View from Glen Hill: Women who coded

The recently published Code Girls by Liza Mundy tells the extraordinary story of the 11,000 women who worked for the U.S. Army and Navy as code breakers during World War II.

They were recruited from the Seven Sisters and other colleges throughout New England by the Navy and from colleges and school-teaching positions throughout the rest of the U.S. by the Army. All of the initial ones came in as civilian workers, though quite a few of both those initial recruits and the later arrivals became WACs (Women’s Army Corps) and WAVES (Women Accepted for Volunteer Emergency Service), both commissioned officers and enlisted women, following the creation of the women’s corps. Most served in Washington, D.C. or Dayton, Ohio, though some in the Army served in the European theater. Much credit is due to those men in military leadership who recognized the important role that very bright women could play in this key wartime effort and encouraged their use in this way.

The recruited women were selected through rigorous testing in mathematics, puzzle-and-problem solving, and linguistics. All were sworn so intensely to secrecy that they didn’t discuss their work even after the war ended, and their accomplishments went publicly unheralded until recently notwithstanding how critical their work was. Some of the women went on after the war to serve in the newly created NSA, and a few became leaders in America’s code-breaking and other intelligence work through much of the rest of the 20th Century.

The war began with stunning U.S. losses at Pearl Harbor and in the North Atlantic. In the perilous Atlantic crossing, enormous numbers of Allied vessels were being sunk by U-boat packs appearing at unpredictable times and locations. In fact, vessels were being lost faster even than the amazing rate of U.S. production (a Liberty Ship a day at the peak) could replace them. In short, the need for both strategic and tactical intelligence was enormous, yet the major encoding techniques and devices employed by both the Germans and the Japanese were devastatingly difficult to break.

Much has been made of the successful British efforts to break Germany’s Enigma coding machinery under Alan Turing’s leadership at Bletchley Park. This book illuminates the key role American women code breakers played in that process and in the design and large-scale production of code-breaking machinery able, with much human ingenuity guiding them, to break Enigma-transmitted messages almost in real time. The result was the retrieval of U-boat messages in time to enable the rerouting of whole convoys and the destruction of the U-boats that tried nonetheless to intercept them. In fact, by the time of the build-up for D-Day, much of Germany’s U-boat fleet had been obliterated.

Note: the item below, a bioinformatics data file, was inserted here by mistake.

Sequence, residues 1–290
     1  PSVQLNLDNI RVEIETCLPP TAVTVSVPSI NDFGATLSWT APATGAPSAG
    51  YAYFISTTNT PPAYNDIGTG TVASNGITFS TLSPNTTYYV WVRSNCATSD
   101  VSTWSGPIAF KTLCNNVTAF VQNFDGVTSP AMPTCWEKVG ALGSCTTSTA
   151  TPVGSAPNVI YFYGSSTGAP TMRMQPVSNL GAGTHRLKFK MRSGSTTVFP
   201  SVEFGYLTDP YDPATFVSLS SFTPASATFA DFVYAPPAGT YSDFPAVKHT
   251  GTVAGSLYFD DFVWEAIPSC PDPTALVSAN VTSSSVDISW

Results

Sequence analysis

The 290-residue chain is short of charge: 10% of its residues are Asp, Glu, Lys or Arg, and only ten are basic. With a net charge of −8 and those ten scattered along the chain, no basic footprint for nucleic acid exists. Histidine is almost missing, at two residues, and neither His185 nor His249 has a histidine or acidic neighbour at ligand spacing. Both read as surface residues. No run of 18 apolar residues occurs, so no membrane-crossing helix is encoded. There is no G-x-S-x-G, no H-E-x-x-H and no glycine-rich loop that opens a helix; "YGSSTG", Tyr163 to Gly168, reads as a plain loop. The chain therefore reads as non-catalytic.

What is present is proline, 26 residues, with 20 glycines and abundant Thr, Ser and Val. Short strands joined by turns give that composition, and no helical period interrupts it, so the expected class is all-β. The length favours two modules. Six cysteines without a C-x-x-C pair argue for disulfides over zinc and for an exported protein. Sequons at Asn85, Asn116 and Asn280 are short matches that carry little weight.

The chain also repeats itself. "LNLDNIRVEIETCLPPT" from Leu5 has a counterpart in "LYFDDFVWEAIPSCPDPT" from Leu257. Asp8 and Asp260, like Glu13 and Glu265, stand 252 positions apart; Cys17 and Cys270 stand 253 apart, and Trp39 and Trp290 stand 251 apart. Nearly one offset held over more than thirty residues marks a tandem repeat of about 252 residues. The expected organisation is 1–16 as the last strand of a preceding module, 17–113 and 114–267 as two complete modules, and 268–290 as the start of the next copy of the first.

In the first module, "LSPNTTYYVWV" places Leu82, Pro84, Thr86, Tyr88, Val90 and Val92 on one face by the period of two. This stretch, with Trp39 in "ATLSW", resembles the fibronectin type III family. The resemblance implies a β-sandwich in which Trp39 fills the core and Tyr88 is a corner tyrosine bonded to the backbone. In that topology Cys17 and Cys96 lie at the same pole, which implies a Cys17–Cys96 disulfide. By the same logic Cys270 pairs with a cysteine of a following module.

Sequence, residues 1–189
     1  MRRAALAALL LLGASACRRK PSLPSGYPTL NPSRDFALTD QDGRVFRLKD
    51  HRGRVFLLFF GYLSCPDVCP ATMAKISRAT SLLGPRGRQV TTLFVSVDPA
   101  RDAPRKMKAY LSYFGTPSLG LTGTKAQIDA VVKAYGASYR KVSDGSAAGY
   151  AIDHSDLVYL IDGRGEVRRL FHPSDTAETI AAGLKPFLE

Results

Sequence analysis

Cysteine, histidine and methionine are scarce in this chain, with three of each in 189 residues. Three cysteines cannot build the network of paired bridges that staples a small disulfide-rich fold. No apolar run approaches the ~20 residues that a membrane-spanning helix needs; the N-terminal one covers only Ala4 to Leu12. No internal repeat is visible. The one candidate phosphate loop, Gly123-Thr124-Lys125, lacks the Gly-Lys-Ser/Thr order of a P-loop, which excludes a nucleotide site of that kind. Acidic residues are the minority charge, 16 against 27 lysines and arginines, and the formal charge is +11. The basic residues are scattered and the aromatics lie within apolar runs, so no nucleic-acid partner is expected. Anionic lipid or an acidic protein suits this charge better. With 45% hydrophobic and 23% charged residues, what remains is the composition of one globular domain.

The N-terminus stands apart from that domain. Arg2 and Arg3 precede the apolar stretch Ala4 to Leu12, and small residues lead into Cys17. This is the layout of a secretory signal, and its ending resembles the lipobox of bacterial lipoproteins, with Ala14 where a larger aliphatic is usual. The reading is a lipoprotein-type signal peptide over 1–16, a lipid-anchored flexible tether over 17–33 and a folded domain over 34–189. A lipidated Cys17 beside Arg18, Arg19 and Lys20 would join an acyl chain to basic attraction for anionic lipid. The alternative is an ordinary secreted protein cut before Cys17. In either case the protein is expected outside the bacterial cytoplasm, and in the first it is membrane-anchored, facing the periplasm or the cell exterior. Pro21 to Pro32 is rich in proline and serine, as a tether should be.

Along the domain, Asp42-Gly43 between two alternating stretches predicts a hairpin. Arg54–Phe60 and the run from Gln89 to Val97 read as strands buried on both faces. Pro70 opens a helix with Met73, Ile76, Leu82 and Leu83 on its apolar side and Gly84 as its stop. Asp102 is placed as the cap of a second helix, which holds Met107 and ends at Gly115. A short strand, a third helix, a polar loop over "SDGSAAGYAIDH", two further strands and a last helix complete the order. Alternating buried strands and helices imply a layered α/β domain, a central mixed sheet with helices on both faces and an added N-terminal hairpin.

At the same time as the Enigma work was moving forward, other women code breakers were working on breaking the Japanese Army and Navy codes. Their naval-code work led to major U.S. naval victories at Midway and thereafter. Likewise, the breaking of Japanese Army codes allowed General MacArthur’s campaign through the South Pacific and up to the Philippines to proceed with detailed advance knowledge of Japanese intentions, order of battle, and troop dispositions and casualties, while the breaking of the Japanese naval codes, including ones for its commercial fleet done by a group of African-American women, allowed the Navy and the Army Air Corps to destroy most of Japan’s military and commercial fleet. The result was denial to Japanese troops in their Pacific island strongholds of food (to the point of starvation), medicine, and reinforcements. Meanwhile, the breaking of Japanese diplomatic codes allowed an inside look into Axis strategic thinking and troop dispositions, including along the English Channel pre D-Day, as Japanese ambassadorial staff reported back to their superiors in Japan on their high-level discussions with German leadership and their detailed observations on tours of German fortifications.

The complex work these women, who formed the bulk of our nation’s code breakers, did was simply astounding, yet when the war ended, they were largely displaced by men and urged to turn exclusively to “family duties,” as were so many other successful women workers of that era. As the MeToo movement and Women’s Marches progress, I’m reminded of those extraordinary women whose efforts revolutionized code breaking and, at a minimum, shortened the war significantly — and even perhaps helped to determine its outcome. Three-quarters of a century later, we are still struggling with the proper treatment of women in the workforce. Now, though, women are taking a leading role in assuring that the future will be different from the “use them and lose them” attitudes of the past.